A search and recovery team heads into the haunted swamp to pick up the pieces and Marybeth learns the secret to ending the voodoo curse that has left Victor Crowley haunting and terrorizing Honey Island Swamp for decades.
A terrifying story of a young girl who wakes up in a casket with a traumatic head injury and no memory of her identity. She quickly realizes she was abducted by a Deranged Serial Murderer ... See full summary »
"ChromeSkull" is the sequel to the 2009 horror hit "Laid to Rest." It brings back ChromeSkull, who barely escaped death in the first movie and is hell-bent on continuing where he left off..... See full summary »
Brian Austin Green,
A group of young horror fans go searching for a film that mysteriously vanished years ago but instead find that the demented killer from the movie is real, and he's thrilled to meet fans who will die gruesomely for his art.
A group of delinquents are sent to clean the Blackwell Hotel. Little do they know reclusive psychopath Jacob Goodnight has holed away in the rotting hotel. When one of the teens is captured, those who remain - a group that includes the cop who put a bullet in Goodnight's head four years ago - band together to survive against the brutal killer.
Michael J. Pagan
Marybeth escapes the clutches of the deformed, swamp-dwelling iconic killer Victor Crowley. After learning the truth about her family's connection to the hatchet-wielding madman, Marybeth returns to the Louisiana swamps along with an army of hunters to recover the bodies of her family and exact the bloodiest revenge against the bayou butcher. Written by
Please. I just want to bury my family. And if I can take out that monster with me, then all the better.
You can't kill him. He'll just be reborn. He's forced to return to the state he was when he was killed. You can't kill a ghost.
Maybe I can't or maybe I can. But I'm going to bury that hatchet into his fucking face!
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Written by Bobby Ellsworth (as Robert Joseph Ellsworth) and Carlo Verni
Performed by Overkill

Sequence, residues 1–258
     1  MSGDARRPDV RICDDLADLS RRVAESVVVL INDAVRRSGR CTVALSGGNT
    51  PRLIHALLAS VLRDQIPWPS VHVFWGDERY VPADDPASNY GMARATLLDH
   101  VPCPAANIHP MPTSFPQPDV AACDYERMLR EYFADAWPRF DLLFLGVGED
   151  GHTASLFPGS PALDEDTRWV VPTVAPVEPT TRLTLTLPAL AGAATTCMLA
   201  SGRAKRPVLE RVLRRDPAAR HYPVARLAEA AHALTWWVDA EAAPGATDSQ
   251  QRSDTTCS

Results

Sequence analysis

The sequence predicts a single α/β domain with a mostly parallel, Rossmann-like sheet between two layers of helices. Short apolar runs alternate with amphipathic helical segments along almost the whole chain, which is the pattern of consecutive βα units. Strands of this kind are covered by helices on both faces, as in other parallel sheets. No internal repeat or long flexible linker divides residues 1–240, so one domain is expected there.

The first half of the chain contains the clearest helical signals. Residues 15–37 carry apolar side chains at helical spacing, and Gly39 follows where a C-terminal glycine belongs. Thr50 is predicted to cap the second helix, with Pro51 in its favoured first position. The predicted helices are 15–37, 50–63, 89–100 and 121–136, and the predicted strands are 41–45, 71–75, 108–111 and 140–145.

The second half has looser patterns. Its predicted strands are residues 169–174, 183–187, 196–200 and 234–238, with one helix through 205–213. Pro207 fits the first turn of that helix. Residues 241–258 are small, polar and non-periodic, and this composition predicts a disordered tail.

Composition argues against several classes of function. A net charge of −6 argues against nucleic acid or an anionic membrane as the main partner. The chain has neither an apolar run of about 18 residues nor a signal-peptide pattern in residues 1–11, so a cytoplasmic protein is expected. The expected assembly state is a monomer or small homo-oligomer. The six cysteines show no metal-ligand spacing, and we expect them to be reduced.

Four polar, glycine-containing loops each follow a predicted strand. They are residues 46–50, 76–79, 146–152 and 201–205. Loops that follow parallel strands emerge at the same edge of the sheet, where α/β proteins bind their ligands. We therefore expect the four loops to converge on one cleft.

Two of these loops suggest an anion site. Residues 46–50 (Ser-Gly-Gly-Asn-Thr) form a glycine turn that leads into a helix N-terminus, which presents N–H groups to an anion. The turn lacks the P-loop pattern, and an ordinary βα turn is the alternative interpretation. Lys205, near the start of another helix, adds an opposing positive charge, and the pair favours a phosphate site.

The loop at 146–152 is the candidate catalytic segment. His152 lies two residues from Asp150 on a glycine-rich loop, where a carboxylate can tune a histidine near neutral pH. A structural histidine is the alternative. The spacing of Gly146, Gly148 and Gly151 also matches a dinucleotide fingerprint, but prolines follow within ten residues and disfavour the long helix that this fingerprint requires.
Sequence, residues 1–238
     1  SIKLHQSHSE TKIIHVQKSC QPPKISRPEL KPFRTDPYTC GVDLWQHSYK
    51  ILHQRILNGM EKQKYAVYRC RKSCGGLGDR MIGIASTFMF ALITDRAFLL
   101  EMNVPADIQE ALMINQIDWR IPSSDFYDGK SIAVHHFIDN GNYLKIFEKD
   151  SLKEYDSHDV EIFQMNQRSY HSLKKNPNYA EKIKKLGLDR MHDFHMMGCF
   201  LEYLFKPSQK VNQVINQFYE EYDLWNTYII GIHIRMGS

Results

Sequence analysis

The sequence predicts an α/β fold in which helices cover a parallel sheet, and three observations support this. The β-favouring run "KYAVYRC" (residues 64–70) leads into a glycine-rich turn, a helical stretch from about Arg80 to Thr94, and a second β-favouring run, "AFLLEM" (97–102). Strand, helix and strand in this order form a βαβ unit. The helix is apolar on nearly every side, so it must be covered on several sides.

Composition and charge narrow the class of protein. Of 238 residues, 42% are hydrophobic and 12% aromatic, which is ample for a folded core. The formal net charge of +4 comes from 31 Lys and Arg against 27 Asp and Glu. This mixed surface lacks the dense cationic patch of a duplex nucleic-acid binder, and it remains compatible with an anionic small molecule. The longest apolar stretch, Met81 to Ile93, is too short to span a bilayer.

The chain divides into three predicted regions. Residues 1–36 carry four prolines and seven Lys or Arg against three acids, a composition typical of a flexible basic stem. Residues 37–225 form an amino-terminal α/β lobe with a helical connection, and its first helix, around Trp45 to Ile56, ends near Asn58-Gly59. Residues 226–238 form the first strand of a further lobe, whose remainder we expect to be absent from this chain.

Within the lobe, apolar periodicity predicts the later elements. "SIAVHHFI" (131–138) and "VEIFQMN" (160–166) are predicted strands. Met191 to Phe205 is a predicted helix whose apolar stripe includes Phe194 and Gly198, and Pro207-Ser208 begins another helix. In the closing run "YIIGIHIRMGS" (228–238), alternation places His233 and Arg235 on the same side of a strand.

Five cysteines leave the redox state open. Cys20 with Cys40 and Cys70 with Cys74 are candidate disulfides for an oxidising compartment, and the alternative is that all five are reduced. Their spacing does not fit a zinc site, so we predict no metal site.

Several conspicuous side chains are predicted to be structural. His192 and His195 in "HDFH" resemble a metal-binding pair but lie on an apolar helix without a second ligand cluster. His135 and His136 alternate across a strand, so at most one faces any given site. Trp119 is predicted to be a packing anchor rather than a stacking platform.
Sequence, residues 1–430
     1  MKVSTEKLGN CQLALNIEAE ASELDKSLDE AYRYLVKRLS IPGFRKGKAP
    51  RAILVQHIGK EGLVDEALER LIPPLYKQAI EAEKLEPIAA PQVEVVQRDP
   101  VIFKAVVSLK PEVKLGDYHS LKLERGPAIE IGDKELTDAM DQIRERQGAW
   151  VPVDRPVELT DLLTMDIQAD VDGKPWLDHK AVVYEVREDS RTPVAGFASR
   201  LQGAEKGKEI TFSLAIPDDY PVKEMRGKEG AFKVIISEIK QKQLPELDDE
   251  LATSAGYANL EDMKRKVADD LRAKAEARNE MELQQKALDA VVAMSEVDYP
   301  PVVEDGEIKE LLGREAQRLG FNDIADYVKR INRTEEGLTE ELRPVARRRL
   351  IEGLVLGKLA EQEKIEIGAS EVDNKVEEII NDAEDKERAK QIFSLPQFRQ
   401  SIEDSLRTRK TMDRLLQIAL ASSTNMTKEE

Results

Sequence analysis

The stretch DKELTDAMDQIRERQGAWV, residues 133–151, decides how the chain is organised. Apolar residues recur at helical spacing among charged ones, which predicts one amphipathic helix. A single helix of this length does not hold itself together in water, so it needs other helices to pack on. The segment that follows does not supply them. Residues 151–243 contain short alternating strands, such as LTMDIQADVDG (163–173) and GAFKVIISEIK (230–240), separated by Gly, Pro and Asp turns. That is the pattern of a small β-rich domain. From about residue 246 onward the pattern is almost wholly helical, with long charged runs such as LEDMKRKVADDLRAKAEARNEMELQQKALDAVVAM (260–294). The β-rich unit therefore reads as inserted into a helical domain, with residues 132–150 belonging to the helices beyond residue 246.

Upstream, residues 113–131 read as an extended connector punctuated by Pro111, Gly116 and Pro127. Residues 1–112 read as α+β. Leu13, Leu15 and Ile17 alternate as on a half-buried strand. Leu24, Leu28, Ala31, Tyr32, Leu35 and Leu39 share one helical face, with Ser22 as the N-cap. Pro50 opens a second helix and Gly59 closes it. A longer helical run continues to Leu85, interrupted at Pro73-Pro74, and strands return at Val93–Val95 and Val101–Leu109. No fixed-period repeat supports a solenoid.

Courtesy of E1 Music Entertainment U.S. LP
Published by Warner-Tamerline Publishing Corp. (BMI) o/b/o Blood and Iron Music Co. See more »
With 80's slashers, their effect on me is actually relaxing. We have a bunch of characters who the filmmaker generally deems worthless (except a few, who make it to the end) so that we don't have to actually invest anything until their inconsequential deaths, clear, simple-minded notions of good and evil, and contrived mechanisms that explain them away (the evil presence is usually described by some kind of simplified trauma). None of this happens in real life, so none of this actually has potential to breach the divide and actually unsettle. It's a movie fantasy, one oddly espousing deeply conservative values (prudence is generally rewarded) that fly in the face of the crowd that avidly sees them.
Like the first Hatchet, this is a knowingly cartoonish version of this. The deaths are delightfully absurd. At some point the baddie in this, Vincent Crowley, shows up with a chainsaw six feet long. The film knows what part it plays in the tradition and has fun with it.
What is actually problematic about these films is that, for all the parody, they still posit themselves as straight slasher films. It doesn't work, the hackneyed plot above all where a band of mercenaries is hastily assembled to venture into the bayou. Or what they aim to do once there.
The Japanese as usual are more savvy about this kind of thing. In films like The Machine Girl, they put together all kinds of cultural stamps they have produced and obsessed over the years (video games, anime, martial arts, extreme violence, erotica) and obliterate one against the other.
Here, I assume the filmmaker doesn't have a grasp of how the pastiche can be made to work. Probably because he doesn't understand or care to anything other than this kind of film. The splatter works, what's around it not so much.
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